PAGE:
The fact that Strickers contention in Tucson comes during the same week as the WGC Accenture Match Play is also interesting.
    Strickers last PGA Tour win came at the Match Play in Australia back in 2001. Regaining his status for the PGA Tour during the week of the event he last won would be sweet. It would also give proof to the importance of a PGA Tour stop in Tucson opposite a WGC event.
    Good stories are all around us in golf. The PGA Tour is full of them. Yes, plenty of you feel like network coverage and media coverage is geared toward the likes of Woods and Mickelson.
    And if Woods or Mickelson were to win this week at La Costa, Id say its a mighty big story. But if Stricker were to win in Tucson, Id argue that his victory story would actually be a better one.
    Email your thoughts to Kraig Kann
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    Watch: Rory finds trouble, and more trouble, and more ...

    By Golf Channel DigitalMarch 23, 2018, 4:33 pm

    Rory McIlroy was in a must-win situation against Brian Harman in order to have a chance to advance to the one-and-done portion of the WGC-Dell Technologies Match Play.

    And, as you can see, McIlroy did not get off to an ideal start on Friday.

    McIlroy lost the third, fifth and ninth holes at Austin Country Club. Harman led, 3 up, at the turn.

    Getty Images

    Watch: Stefani makes hole-in-one, has no clue

    By Golf Channel DigitalMarch 23, 2018, 3:18 pm

    Shawn Stefani made a hole-in-one on the par-3 17th in the second round of the Corales Puntacana Resorts and Club Championship.

    However, he never saw it go in.

    Stefani knew he hit a great shot, and this isn't shown in the video below, but he just questioned everyone around him if they saw the ball go into the hole.

    A Golf Channel cameraman finally gave him the news and Stefani responded with an enthusiastic thumbs up.

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    Trio lead Kia Classic; Davies shoots 82

    By Associated PressMarch 23, 2018, 3:01 am

    CARLSBAD, Calif. - Laura Davies had a nightmare round days after contending for a title at age 54, and Caroline Hedwall, Jackie Stoelting and Hee Young Park topped the Kia Classic leaderboard.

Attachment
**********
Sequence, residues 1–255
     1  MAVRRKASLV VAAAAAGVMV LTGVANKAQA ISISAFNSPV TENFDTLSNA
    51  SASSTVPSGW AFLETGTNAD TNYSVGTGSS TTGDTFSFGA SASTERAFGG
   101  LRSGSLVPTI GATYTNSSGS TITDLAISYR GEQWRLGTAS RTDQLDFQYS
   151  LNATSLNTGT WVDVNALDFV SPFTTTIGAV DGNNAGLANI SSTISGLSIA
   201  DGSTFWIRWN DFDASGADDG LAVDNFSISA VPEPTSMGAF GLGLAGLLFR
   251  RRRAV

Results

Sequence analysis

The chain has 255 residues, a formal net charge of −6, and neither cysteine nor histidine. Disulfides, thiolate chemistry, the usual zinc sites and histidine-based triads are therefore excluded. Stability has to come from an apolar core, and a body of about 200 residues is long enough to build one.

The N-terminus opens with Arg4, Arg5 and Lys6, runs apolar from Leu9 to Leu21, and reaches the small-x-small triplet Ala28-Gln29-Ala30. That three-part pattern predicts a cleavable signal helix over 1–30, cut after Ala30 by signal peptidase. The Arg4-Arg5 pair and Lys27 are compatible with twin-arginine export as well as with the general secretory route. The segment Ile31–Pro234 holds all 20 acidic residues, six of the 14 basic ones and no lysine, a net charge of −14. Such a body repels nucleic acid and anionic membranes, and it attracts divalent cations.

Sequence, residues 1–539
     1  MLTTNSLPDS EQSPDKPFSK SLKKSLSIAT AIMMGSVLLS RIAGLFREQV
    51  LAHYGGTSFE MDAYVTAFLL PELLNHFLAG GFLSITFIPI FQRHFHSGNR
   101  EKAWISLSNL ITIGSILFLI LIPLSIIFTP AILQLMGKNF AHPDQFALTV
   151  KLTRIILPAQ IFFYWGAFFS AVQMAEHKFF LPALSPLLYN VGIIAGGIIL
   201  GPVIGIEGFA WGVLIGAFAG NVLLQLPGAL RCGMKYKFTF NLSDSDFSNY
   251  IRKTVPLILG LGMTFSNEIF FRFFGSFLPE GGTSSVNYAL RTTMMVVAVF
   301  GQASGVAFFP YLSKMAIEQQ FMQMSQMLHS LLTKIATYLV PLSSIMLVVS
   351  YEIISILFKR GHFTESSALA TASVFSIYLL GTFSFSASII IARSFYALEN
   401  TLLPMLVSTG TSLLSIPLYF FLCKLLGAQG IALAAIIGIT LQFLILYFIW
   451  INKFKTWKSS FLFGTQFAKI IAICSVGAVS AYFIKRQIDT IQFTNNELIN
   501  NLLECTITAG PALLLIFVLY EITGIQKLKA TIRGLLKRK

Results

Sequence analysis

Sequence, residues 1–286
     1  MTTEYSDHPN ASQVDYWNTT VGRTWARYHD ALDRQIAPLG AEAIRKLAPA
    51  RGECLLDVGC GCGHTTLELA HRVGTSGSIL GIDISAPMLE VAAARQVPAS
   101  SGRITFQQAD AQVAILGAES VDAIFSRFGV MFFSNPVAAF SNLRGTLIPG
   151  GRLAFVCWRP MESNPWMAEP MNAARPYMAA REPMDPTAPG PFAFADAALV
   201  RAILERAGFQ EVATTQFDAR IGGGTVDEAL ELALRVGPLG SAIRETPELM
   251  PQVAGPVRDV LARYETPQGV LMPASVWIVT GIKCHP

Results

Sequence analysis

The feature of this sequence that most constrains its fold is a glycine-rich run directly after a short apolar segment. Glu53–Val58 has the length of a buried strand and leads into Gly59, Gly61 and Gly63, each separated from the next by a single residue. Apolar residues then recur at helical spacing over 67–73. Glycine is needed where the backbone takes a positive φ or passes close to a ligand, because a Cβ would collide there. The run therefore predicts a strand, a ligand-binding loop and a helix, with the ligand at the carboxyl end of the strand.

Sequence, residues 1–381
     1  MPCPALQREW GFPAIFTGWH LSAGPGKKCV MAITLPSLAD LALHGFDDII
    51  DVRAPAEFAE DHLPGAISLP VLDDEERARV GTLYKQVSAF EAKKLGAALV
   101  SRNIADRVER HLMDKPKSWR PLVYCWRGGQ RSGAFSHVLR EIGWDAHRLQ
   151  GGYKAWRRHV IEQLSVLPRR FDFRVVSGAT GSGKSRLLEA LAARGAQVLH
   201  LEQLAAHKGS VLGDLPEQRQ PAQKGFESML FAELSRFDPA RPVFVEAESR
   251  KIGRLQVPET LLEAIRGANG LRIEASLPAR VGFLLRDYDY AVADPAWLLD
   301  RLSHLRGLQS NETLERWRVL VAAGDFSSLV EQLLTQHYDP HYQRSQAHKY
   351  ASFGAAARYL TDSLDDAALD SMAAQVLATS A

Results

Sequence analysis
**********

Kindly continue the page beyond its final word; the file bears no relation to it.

Davies shot a 10-over 82 on Thursday at rainy Aviara Golf Club - four days after tying for second behind Inbee Park in the Founders Cup, and five days after shooting a 9-under 63 in the Phoenix event.

    Fighting Achilles tendon and calf problems in her left leg, Davies opened double bogey-bogey-par-bogey. She bogeyed Nos. 9, 10 and 12, had another double on 15 and bogeyed 16. The 82 was the World Golf Hall of Famer's highest score on tour since also shooting 82 in the 2013 Marathon Classic. On Monday, she jumped 208 spots to No. 155 in the world.

    Hedwall, Stoelting and Park shot 66 in the final event before the major ANA Inspiration next week at Mission Hills. Ariya Jutanugarn, also coming off a second-place tie in Phoenix, was a stroke back with 2015 champion Cristie Kerr, In-Kyung Kim and Nicole Broch Larsen.

    Hedwall closed her bogey-free round with birdies on the par-5 eighth and par-4 ninth. The Swede played her final 10 holes in 6 under. Players were allowed to lift, clean and place their golf balls in the fairways because of the damp conditions.

    ''I hit it really well and started making a couple putts in my back nine,'' Hedwall said. ''I'm really happy with how I'm playing and looking forward to the rest of the days.''

    Stoelting finished with a birdie on the par-4 18th. She had seven birdies and a bogey.

    ''I hit a lot of fairways,'' Stoelting said. ''I don't necessarily hit if far, but keeping it in the fairway is super key this week. The rough is much thicker this year than last year.''

    Full-field scores from the Kia Classic

    Hee Young Park birdied the final three holes, finishing on No. 9.

    ''The greens are really soft,'' Park said. ''So, easier on the second shot.''

    The 40-year-old Kerr had a bogey-free round.